U.S. Senators Orrin G. Hatch (R.-Utah) and Patrick Leahy (D.-Ver.) have introduced legislation that would criminalize the sending of predatory and abusive spam. The bill targets spammers who hijack computer systems or use other fraudulent means to send unsolicited commercial email.
The Criminal Spam Act of 2003 (S. 1293) calls for jail sentences of up to five and fines of up to $25,000 per day for spammers convicted of repeat offenses.
The bill makes it a crime to hack into a computer, or to use a computer system that the owner has made available for other purposes, as a conduit for bulk commercial email. It also prohibits sending bulk commercial email that either conceals the true source, destination, routing or authentication information of the email, or is generated from multiple email accounts or domain names that falsify the identity of the actual registrant.
The legislation also directs sentencing commissions to consider tougher penalties for offenders who obtain email addresses through methods such as harvesting.
In addition, the bill authorizes the Department of Justice and Internet service providers to bring suit for violations of the Act.
“The abusive practices of fraudulent spammers threaten to choke the lifeblood of the electronic age,” Hatch, chairman of the Senate Judiciary Committee, said in a prepared statement. “This problem warrants swift but deliberative legislative action. Current federal law does not adequately address the tactics sophisticated spammers use to conceal their identities, evade Internet service provider filters, and exploit the Internet by promoting pornographic web sites, illegally pirated software, questionable health products, pyramid schemes and other ‘get rich quick’ scams.”
The legislation comes less than a week after the Senate Commerce Committee approved a bill, the Can Spam Act (S. 877), that could cost spammers who use false headers or misleading subject lines up to a year in jail and a maximum fine of $1 million.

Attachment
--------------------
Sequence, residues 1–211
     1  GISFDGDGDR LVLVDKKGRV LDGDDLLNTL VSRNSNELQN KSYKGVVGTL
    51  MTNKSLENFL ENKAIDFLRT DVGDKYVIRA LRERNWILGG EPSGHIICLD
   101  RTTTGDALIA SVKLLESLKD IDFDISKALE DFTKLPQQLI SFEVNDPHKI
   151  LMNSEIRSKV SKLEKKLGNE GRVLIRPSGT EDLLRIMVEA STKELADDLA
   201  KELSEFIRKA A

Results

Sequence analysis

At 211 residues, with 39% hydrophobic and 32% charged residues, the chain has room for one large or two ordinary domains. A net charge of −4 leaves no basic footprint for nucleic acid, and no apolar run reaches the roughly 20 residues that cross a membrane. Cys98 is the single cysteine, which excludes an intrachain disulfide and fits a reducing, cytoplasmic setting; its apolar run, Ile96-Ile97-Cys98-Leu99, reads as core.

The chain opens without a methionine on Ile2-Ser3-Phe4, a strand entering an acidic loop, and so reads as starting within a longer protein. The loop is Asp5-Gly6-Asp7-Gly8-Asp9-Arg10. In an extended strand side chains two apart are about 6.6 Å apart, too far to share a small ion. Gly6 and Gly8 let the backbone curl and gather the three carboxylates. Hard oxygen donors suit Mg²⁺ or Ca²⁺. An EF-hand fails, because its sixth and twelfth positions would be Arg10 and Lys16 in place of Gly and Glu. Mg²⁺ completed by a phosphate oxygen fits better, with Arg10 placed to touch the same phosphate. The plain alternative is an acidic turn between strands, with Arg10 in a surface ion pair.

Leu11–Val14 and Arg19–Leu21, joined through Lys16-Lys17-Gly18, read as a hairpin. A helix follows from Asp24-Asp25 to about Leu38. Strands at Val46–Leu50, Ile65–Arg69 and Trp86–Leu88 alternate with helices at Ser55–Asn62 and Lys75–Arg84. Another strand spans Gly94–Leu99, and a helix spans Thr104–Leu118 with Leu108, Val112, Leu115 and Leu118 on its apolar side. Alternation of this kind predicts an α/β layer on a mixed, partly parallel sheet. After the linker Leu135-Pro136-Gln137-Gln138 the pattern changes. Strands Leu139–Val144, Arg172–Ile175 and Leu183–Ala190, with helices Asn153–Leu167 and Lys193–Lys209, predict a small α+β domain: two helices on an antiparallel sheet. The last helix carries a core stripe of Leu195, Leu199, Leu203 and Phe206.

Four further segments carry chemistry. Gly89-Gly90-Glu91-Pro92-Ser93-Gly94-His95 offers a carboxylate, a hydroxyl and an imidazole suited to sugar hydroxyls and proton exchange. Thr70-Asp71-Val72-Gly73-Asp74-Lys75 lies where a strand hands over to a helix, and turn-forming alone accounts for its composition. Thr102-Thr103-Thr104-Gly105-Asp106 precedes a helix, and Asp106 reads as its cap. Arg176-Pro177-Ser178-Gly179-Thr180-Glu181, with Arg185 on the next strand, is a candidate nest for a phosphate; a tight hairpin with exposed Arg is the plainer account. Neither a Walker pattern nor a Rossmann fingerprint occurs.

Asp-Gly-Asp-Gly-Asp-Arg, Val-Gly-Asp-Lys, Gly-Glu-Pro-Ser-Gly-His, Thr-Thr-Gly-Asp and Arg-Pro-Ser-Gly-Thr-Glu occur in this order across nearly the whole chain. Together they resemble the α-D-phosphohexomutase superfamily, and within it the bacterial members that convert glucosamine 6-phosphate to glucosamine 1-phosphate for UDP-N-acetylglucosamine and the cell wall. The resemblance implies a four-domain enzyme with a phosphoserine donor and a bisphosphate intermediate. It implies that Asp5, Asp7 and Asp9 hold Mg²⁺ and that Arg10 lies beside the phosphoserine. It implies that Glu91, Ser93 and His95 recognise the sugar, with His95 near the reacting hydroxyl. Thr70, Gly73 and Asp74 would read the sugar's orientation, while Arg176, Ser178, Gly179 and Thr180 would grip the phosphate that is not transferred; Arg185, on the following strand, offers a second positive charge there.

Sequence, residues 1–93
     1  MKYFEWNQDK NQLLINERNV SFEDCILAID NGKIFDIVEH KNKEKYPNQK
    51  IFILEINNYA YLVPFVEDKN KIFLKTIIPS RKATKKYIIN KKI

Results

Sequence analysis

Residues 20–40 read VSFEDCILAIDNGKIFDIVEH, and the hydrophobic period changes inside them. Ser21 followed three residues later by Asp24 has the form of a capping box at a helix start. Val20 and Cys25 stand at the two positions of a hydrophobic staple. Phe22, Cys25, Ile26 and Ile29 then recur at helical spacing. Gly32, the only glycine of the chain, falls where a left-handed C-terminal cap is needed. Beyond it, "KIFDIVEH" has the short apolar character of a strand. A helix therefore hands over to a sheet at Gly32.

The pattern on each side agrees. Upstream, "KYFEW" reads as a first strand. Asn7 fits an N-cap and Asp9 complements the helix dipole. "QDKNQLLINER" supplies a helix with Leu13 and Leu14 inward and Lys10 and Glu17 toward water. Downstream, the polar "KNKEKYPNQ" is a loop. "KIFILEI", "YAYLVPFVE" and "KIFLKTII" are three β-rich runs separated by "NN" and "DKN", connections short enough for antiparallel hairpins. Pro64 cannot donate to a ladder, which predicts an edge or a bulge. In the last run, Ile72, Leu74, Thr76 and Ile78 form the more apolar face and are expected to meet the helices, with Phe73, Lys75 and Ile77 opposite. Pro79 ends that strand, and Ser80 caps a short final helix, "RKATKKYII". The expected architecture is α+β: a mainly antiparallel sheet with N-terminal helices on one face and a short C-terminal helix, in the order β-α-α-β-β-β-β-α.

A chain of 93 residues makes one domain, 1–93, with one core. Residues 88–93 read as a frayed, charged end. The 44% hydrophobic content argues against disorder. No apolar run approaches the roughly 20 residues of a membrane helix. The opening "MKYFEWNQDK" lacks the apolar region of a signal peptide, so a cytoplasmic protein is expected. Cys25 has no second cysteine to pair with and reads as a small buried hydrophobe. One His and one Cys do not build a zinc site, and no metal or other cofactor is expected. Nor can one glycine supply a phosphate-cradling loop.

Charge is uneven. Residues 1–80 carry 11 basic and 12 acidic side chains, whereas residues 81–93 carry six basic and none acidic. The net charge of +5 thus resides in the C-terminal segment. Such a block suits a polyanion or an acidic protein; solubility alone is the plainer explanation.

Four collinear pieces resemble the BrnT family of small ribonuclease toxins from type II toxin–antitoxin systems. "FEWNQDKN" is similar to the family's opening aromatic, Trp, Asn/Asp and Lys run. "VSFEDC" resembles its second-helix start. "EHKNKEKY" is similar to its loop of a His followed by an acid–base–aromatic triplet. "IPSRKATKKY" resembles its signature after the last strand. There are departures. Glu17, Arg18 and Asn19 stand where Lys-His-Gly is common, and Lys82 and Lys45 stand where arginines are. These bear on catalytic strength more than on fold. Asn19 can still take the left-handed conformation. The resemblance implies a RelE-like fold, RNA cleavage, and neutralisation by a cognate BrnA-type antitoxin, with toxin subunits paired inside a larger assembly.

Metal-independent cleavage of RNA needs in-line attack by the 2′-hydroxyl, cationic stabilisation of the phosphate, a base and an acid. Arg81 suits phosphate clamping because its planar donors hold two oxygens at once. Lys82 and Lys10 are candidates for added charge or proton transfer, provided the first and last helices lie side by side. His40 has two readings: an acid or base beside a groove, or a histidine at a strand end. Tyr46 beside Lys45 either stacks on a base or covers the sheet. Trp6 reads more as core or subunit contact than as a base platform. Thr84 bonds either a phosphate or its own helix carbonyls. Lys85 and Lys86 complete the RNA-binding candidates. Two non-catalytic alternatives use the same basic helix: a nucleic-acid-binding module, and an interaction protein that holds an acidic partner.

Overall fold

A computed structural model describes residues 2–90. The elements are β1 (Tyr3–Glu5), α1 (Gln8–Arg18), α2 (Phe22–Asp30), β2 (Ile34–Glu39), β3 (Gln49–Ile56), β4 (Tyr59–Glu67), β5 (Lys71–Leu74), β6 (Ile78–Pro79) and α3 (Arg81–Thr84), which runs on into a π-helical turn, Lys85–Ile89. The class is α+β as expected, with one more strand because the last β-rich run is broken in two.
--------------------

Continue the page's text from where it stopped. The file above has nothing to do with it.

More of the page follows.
The sponsors of the bill, Conrad Burns (R.-Mont.) and Ron Wyden (D.-Ore.) promised last Thursday that the penalties would get even tougher before the full Senate votes on the legislation.
“Without a doubt, spam is a serious problem today that is threatening to undermine the vast potential of the Internet to foster the free exchange of information and commerce,” said Leahy. “Our bill targets the four principal techniques that spammers use to evade filtering software and hide their trails. Ridding America’s inboxes of deceptively delivered spam will significantly advance our fight to clear electronic channels for legitimate communications.”
The Burns-Wyden legislation requires that commercial emailers use clear and conspicuous identification that the message is an advertisement or solicitation and that the email contains an opt-out provision. Under the bill, unsolicited commercial email must contain the valid physical address of the sender.
The bill also beefs up penalties for address harvesting and dictionary attacks, using scripts or other automated means to establish multiple electronic mail accounts to avoid detection and to knowingly relay or re-transmit an unsolicited commercial electronic message.
In a nod to Sen. Charles Schumer’s (D.-N.Y.) proposal to create a national Do-Not-Email list similar to the Federal Trade Commission’s (FTC) Do-Not-Call registry, the bill calls for the FTC to submit to Congress recommendations for a workable plan and timetable for creating a national list of consumers who want to opt out of all unsolicited commercial emails.
The legislation would pre-empt state anti-spam laws, but give states the right to establish tougher penalties for spammers under anti-fraud laws.
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